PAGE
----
Karl Rove is not my favorite, nor is this administration, but the thought of some sort of dark evil genius (hyped by dems and reps) who manipulated this whole thing is silly. The line from the article: “It?s hard to assess just how much Rove has guided the policies and strategies of the administration, since Bush is running a notably leak-free operation. White House aides and Republican operatives feel a genuine loyalty to the president, so they seldom talk out of turn to the press” is spot on.

    good article!

    drf

  15. Karl Rove is a first class campaign strategist who understands the nature and value of image in electoral politics. That does not mean he never makes mistakes on the campaign trail — he made some beauts in the closing weeks of the 2000 campaign — but George Bush would not be President without him.

    Here’s the problem: campaigning and governing are two different things. Rove, who I will grant has a greater interest in policy substance than others in his trade, appears to dominate domestic policymaking in the Bush White House. This effectively means that there is not much domestic policymaking in the Bush White House, because new initiatives entail political risk and also because initiatives that need sustained advocacy cannot get it from upper echlons at the White House but only from the Cabinet departments Rove has shut out of policymaking.

    The worm turns for Rove in foreign affairs and military issues, where he can only influence how the administration responds to the reaction its policies provoke — he appears to have but little influence in how those policies are made. His dominant role in domestic policy making means he gets blamed for things he had nothing to do with.

    In the end Rove’s standing with Bush rests on his ability to secure Bush’s successive election victories. No one pretends that the 2004 election is not Rove’s focus now. As a matter of propriety the President’s campaign manager should not have a policy role, or a White House office, at all, but Bush is so dependent on Rove that his removal from a role he does not belong in and does not fill particularly well is out of the question.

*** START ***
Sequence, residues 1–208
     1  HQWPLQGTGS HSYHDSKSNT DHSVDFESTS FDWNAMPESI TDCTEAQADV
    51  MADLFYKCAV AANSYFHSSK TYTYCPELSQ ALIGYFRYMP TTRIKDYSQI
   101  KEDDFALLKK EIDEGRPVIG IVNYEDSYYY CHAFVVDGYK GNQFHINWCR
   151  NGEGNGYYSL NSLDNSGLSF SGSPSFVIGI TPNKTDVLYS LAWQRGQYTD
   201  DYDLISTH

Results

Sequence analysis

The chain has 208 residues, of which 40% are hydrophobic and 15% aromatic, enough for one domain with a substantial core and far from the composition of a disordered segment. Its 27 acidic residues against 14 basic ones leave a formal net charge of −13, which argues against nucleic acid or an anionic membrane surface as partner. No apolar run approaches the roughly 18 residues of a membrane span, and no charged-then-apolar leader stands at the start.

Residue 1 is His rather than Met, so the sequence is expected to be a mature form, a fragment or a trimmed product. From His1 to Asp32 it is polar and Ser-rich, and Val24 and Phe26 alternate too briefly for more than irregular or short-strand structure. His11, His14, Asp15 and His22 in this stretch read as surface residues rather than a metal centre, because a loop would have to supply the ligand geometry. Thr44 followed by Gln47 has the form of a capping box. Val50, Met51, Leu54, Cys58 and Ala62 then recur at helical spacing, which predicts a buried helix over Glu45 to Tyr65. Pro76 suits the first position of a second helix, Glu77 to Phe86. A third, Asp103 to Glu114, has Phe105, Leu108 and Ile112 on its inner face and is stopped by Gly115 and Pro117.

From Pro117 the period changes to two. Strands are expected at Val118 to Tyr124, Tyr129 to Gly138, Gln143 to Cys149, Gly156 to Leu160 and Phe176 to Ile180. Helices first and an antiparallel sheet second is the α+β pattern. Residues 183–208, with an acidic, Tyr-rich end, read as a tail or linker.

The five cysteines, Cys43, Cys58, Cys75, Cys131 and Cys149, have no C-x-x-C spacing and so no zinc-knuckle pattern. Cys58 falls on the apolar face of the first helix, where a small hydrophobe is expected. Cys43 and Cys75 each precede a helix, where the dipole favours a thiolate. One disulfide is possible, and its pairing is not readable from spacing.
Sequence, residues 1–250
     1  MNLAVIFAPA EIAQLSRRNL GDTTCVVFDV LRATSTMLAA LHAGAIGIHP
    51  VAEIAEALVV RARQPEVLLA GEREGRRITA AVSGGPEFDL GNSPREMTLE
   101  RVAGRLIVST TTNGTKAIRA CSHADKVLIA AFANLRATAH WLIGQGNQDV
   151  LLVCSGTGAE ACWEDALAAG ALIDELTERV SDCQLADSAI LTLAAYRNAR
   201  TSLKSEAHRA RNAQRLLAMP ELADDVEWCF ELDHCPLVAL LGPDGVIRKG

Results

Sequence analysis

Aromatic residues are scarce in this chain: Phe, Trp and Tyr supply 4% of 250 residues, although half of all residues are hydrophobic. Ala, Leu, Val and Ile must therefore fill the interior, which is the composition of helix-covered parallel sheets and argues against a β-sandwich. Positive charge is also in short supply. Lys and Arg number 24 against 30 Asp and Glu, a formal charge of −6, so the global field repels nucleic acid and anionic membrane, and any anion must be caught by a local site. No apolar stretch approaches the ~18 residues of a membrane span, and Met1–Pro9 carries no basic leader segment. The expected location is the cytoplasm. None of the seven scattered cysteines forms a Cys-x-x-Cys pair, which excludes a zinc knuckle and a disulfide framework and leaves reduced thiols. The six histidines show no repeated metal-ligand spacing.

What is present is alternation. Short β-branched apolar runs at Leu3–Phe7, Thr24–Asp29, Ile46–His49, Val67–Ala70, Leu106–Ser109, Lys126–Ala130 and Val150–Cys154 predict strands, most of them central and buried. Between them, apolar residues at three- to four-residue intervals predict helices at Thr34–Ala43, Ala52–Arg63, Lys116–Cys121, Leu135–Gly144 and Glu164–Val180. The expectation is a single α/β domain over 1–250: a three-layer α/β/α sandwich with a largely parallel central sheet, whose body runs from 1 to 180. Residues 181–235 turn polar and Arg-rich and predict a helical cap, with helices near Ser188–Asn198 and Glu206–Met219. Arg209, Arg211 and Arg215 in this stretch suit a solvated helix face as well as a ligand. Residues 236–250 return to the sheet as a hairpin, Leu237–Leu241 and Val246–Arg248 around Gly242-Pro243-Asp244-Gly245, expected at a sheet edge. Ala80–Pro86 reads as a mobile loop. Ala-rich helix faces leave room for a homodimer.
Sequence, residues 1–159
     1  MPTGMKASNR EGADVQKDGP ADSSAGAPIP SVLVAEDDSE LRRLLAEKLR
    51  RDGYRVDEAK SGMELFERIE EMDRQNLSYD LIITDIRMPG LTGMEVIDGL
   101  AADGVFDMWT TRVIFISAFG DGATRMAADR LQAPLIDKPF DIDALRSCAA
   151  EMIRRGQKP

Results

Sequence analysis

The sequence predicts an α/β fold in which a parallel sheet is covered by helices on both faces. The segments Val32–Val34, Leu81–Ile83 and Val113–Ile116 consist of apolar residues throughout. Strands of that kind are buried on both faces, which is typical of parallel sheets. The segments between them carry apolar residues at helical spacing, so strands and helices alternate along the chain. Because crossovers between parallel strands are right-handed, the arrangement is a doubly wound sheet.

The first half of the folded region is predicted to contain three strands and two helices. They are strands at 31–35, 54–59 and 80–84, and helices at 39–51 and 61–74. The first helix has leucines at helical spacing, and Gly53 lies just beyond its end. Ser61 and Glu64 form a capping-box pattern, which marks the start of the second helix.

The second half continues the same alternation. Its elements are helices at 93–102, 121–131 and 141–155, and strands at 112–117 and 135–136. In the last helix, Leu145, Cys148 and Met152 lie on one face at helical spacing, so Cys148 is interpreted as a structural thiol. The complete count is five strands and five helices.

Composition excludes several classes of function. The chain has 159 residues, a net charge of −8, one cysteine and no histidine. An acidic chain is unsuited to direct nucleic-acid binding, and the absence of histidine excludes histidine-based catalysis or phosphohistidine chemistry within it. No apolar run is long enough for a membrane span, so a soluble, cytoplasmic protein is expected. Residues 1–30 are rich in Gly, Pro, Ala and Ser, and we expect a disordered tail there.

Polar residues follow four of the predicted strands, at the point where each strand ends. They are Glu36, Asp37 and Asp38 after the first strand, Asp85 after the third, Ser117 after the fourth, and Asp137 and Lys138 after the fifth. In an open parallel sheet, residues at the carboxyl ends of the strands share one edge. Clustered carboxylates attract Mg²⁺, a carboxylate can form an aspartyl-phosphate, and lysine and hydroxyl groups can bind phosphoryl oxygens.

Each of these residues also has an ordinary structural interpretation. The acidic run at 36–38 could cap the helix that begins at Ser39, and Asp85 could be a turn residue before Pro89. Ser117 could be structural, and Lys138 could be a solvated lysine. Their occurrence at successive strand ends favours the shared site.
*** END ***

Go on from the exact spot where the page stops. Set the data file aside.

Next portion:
16. As has been said, facility with language is not the same thing as intelligence. I don’t go for the Howard Gardner multiple-intelligences nonsense, as it takes a useful concept way too far and essentially “de-limits the limit,” but surely someone can be an effective decisionmaker and leader without being able to banter with tele-bimbos, recall names expressed in unfamiliar languages, or micro-manage the White House calendar. My experience with both politicians and folks in private life is that you often don’t want the “clever” ones actually making critical policy or hiring decisions.

    Bush is clearly an intelligent man, though a flawed one and clearly mistaken on some important issues. Critics who call him stupid or worse simply disagree with him and don’t consider it enought to explain why. This is playground behavior — which was, as I recall, quite fun when I was a child.

    And I’m just talking about intelligence, not wisdom. As with so many other life lessons, Dungeons & Dragons clarified these matters many years ago by distinguishing intelligence from wisdom and charisma in creating a character.

  17. … anytime D&D can be mentioned, that’s a good post!

    kudos!

    drf

  18. thoreau,

    It’s been a while, but I seem to recall that thieves could not be lawful good in 2nd ed. Lawful neutral and lawful evil are OK (think mafia).

    Personally, I think the Dems (rank & file) are true neutral (leaning evil). The Reps are lawful neutral (also leaning evil). The idealogues of each are lawful evil. All want to think they are lawful good, except the actual politicians, who know better…

    Libertarians, I think, are chaotic neutral (the same alignment associated with the insane, not so coincidentally!:-). They think they are chaotic good.

    I always felt the ideal alignment was neutral good.

    Incidentally, I note that we’re both science and D&D geeks, and yet we are both married. Can you imagine the odds on a thing like that? The intersection of those two sets is surely minute!

  19. Mark A.-

    There are two very good reasons why I’m a science and D&D geek with a wife.

    1) I haven’t played D&D since 1996 or early 1997.

    2) I’m an average scientist by the standards of my lab. Nothing special. (But I’m also the happiest person in my lab, I’d say.)

  20. I pissed away my whole senior year of H.S. playing AD&D. Played a monk all the way up to 10th level, before getting wasted in personal combat with anti-mage. Still get together with the same group of dweebs, albeit for other reasons, now. Good times.

  21. EMAIL: draime_2000@yahoo.com
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    DATE: 01/25/2004 06:21:54